If the sign of memorable design is, like the iPhone X’s notch, one aspect everybody recognizes, then the new Huawei MateBook X Pro’s is certain to be its hidden webcam. The new notebook, announced today at Mobile World Congress 2018, is the latest in the Chinese company’s MateBook range of svelte ultraportables. However, while there are plenty of changes worth noting, it’s where Huawei has stashed the camera that’s likely to be remembered.
Like Apple’s strategy to go with a notched screen for its latest iPhone flagship, Huawei’s design decision is one forced by practical demands. The MateBook X Pro puts a 14-inch 3,000 x 2,000 resolution display into a chassis that would normally accommodate a 12-inch screen, slimming the bezels even more than its predecessor. Indeed, the screen to body ratio is 91-percent, a considerable improvement over the roughly 82-percent Huawei claims its closest competitor in the segment manages.
Tiny bezels, however, leave you with a problem: where do you put the webcam? Rather than put it down in the lower corner of the screen, as we’ve seen other Windows 10 notebook-makers do, Huawei gives it pride of (unexpected) place in the function key row. What looks like a regular button squeezed in-between the F6 and F7 keys actually, when tapped, pops out to reveal a lens.
It’s a clever fix, and Huawei is taking full advantage of it. When the camera is retracted, it’s completely powered off for privacy reasons. You don’t get Windows Hello facial-recognition support, but the MateBook X Pro has a fingerprint scanner and Huawei claims people are more comfortable with that than logging in with their face anyway. Meanwhile, even if you close the lid with the camera popped out, it’ll gently close rather than scratch the display.
That’s good, because it’d be a shame to damage a great touchscreen. As well as the 3k resolution, Huawei is talking up the MateBook X Pro’s 100-percent sRGB color gamut and 450 nits of brightness. There’s an anti-fingerprint coating, and an eye-comfort mode which tones down the blue light in the name of saving eye strain. Huawei says that its Low Temperature PolySilicon (LTPS) panel also has performance benefits, too, allowing the 57.4 Wh battery to run for 15 hours of web browsing, 14 hours of Office-style tasks, or 12 hours of 1080p video playback.
Despite that, it’s a slimline machine. Critics are likely to point to the aesthetic similarities to Apple’s MacBook Pro, but at least Huawei has made sure elements like the diamond-cut edges on the aviation-spec aluminum are nicely finished. It’s 14.6 mm thick and weighs 2.93 pounds, but there’s still space for two Thunderbolt 3 ports, a USB Type A port, and a headphone jack. Huawei will have Mystic Silver and Space Gray color options.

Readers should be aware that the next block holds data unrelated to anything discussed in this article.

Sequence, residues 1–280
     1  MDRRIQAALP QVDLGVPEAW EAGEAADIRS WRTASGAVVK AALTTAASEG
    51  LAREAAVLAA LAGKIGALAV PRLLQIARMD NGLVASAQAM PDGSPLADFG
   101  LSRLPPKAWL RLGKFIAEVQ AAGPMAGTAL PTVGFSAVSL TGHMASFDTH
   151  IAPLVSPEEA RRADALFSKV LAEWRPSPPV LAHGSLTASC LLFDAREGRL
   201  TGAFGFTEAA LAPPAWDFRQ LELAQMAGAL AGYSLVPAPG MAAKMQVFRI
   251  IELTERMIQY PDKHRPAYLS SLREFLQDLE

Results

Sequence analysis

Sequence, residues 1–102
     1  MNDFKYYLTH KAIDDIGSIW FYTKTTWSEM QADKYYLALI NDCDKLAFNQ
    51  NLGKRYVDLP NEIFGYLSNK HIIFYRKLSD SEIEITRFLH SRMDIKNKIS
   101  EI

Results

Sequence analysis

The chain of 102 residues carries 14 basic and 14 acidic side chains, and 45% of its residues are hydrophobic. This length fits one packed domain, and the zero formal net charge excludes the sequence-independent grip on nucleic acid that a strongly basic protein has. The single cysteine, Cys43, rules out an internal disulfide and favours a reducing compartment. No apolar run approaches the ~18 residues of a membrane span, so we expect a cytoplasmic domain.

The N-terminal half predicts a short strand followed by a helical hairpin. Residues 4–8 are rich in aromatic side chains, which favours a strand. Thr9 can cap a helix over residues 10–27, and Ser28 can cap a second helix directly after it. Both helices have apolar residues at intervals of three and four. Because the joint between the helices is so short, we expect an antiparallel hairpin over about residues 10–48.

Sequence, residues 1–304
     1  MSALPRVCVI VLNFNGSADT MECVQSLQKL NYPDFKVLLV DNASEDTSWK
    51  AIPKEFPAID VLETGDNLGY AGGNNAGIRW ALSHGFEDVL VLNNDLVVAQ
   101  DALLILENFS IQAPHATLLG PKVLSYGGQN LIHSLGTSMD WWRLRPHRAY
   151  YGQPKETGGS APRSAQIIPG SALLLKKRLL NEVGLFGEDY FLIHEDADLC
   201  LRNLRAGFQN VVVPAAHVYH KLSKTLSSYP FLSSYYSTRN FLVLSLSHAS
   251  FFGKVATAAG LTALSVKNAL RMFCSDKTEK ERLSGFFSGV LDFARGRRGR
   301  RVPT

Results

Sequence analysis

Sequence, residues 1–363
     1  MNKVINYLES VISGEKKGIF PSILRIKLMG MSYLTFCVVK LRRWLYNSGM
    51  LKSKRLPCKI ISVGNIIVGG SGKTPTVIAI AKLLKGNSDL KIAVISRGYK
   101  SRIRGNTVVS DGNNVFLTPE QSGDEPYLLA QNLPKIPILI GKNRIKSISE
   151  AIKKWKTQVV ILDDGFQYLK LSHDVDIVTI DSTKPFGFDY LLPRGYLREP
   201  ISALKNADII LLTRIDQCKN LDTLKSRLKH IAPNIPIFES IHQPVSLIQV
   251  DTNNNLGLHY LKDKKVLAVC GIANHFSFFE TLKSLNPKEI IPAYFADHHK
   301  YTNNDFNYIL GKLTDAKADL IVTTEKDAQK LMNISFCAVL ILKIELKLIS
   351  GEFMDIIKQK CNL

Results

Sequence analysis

The trackpad is oversized, to cater to Windows 10 gestures, while inside Huawei says it focused on usable performance. So, rather than Core M processors which trade grunt for longevity, the MateBook X Pro will use Intel Core i5 and i7 U-series processors, with NVIDIA GeForce MX150 discrete graphics with 2 GB of dedicated GDDR5 memory. 8 GB of system memory will be standard, and up to 16 GB available.
As for storage, there’ll be 256 GB to 512 GB of NVMe PCIe SSD on offer. Thunderbolt 3 external graphics will be supported – though Huawei is leaving that up to GPU-makers – and there’s 2nd-generation Dolby Atmos sound with quad-speakers for deeper bass and clearer treble. Four microphones support far-field pickup, allowing you to say “Hey Cortana” from up to 6 meters away.
Huawei has opted for Windows 10 Home Signature Image Edition, which means no bloatware and swift performance: figure on 7.8 seconds from turning on, scanning your fingerprint, and resuming your apps, the company says. Indeed, the promise is nothing but the recycle bin on the desktop, though it’ll be including a year’s Office 365 subscription too. Also in the box is a compact USB-C 65W charger – which should give the MateBook X Pro six hours of battery life in 30 minutes, or a full charge in three hours – and the Matedock 2.0, with VGA, HDMI, and other ports.
Sadly, what there won’t be is an LTE version. Huawei’s argument there is that the US market just isn’t ready for that, and certainly isn’t ready to pay a premium for it. Saying that, the company’s expectation is that buyers will go for the higher-spec versions of the notebook when they arrive at the end of April 2018.
Update: We’ve got pricing for the MateBook X Pro, at least for Europe now. The US dollar pricing below is a direct conversion; we’d expect the actual price to be less than that. There’ll be three configurations:
Intel Core i5 / 8GB memory / 256GB SSD / MW150 graphics – 1,499 EUR ($1,847)
Intel Core i5 / 8GB memory / 512GB SSD / MX150 graphics – 1,699 EUR ($2,094)
Intel Core i7 / 16GB memory / 512GB SSD / MW150 graphics – 1,899 EUR ($2,340)